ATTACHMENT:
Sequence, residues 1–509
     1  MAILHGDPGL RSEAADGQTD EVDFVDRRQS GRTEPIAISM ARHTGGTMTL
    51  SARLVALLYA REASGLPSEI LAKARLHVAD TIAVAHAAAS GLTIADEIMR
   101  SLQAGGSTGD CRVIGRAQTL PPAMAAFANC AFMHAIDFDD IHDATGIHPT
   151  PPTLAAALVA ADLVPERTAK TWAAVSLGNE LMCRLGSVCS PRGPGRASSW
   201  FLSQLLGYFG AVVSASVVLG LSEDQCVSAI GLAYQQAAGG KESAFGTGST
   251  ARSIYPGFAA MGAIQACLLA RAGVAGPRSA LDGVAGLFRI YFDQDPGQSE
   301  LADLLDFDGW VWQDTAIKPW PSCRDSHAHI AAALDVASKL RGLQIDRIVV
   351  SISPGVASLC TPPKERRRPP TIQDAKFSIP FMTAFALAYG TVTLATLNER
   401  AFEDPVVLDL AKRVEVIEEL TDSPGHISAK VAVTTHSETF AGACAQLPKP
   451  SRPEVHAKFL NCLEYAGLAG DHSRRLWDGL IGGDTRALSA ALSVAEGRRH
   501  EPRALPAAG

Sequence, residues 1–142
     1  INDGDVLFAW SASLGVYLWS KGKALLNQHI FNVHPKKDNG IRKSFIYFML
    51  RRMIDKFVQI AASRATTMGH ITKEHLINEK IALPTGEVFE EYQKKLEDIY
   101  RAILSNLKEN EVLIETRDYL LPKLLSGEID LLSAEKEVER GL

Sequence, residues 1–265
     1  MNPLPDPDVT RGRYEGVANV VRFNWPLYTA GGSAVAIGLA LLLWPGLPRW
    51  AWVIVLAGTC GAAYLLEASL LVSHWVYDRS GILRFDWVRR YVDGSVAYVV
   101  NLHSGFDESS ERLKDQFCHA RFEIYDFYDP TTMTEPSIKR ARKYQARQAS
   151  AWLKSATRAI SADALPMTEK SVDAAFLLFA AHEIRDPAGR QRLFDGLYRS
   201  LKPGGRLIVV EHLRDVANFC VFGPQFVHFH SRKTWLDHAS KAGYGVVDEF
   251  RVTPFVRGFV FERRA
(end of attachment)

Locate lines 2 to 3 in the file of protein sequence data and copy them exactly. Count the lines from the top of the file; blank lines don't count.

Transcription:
     1  MAILHGDPGL RSEAADGQTD EVDFVDRRQS GRTEPIAISM ARHTGGTMTL
    51  SARLVALLYA REASGLPSEI LAKARLHVAD TIAVAHAAAS GLTIADEIMR